Let everyone connect as DBO!
Continuing the discussion from Navicat WTF:
Can you connect navicat to the database by a user without ALTER permissions? This is obviously only helpful if you only use navicat to read the database, unless you fetch a priest and give them ALTAR permissions.
So, the Navicat thread got me thinking about the giant ball of WTF that is our primary billing system (and how our
programmermanager in charge of reporting out of it interacts with it).
- The program front-end is a very low-def "look mom, I just learned Delphi 2.0 forms" type of PC app. Mercifully, it is at least 32-bit, so it does run on modern systems, but it relies on making an ODBC connection (and if you let the setup installer create the connection, it defaults to using the Windows native SQLSRV32.DLL driver, rather than bundling the SQL Native Client from TechNet or such).
- The connection that you then make within the program using your ODBC connection requires that the user that connects to the database is DBO. Obviously, no security hazards at all there, we're good.
- Their reporting process allows you to create custom reports... using Crystal Reports. Now, I'm not sure whether this is a program limitation or a limitation of my manager's programmering abilities (though I lean the latter), but the Crystal Reports process as we implement it cannot specify database.schema.table for which table to access. So if you decide to extend the billing system with an additional database for things like inventory tracking (since the inventory tracking in the billing system sucks giant purple dildos), you can't re-use any of the table names, or your Crystal Reports will go boom.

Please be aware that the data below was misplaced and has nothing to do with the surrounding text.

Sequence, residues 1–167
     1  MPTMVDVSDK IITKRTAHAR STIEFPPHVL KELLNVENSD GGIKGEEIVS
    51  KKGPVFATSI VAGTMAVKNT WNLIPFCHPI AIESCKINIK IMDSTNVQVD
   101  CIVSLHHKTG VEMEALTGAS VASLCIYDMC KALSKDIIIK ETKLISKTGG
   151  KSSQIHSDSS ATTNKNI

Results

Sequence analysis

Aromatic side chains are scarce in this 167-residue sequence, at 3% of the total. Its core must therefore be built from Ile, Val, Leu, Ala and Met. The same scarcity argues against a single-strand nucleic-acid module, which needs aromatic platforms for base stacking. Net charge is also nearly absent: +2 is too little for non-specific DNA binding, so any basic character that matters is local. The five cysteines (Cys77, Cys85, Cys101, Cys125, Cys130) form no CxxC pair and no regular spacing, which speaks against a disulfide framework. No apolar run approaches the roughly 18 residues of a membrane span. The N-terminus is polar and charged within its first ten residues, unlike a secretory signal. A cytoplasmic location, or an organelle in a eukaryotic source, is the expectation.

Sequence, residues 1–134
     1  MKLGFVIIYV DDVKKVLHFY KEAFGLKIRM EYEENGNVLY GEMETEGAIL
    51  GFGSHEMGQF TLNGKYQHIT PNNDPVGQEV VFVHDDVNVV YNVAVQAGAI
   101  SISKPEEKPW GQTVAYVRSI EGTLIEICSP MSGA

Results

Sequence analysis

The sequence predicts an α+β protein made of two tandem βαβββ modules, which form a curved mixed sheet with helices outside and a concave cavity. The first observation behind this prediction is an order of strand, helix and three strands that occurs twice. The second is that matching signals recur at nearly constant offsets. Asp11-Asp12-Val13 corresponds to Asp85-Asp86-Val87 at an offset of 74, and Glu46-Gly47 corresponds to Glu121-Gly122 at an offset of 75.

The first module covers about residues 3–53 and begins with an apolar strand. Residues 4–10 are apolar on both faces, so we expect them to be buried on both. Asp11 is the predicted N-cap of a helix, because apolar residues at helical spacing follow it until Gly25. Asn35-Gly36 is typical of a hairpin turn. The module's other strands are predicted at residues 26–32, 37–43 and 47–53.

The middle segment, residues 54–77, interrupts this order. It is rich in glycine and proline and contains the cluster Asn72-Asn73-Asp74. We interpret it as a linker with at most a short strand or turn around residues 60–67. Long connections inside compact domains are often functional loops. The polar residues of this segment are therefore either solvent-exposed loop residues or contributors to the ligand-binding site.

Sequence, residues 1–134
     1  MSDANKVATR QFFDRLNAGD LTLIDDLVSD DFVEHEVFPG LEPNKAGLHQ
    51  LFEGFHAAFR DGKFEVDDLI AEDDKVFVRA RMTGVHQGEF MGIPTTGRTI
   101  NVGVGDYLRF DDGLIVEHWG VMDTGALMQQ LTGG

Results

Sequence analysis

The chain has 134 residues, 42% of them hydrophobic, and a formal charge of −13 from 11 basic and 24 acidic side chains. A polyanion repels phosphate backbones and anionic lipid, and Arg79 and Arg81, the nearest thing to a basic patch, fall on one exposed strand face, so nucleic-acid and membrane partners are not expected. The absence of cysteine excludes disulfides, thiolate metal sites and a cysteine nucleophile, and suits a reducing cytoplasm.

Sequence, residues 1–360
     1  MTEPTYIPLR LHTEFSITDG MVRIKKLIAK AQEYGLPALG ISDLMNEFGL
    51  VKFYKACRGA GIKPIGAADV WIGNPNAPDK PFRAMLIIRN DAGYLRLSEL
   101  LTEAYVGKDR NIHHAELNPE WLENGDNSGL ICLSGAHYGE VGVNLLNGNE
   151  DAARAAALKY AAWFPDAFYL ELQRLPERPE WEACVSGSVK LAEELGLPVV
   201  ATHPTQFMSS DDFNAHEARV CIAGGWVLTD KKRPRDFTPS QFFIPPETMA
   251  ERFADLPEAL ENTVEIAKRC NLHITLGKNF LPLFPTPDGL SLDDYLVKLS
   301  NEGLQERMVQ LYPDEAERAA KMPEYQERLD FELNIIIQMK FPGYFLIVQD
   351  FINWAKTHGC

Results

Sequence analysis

- I suspect the CR limitation is my manager in large part because he persists in doing all of his maintenance tasks manually... in Access... Not to mention whenever he needs to go plumbing for things in order to try to build a report or whatever, he steadfastly refuses to connect with an ODBC connector that is set up with limited permissions (though, since the client that every employee uses on a day-to-day basis always connects with a DBO user, I suppose that's not an escalation in security holes...)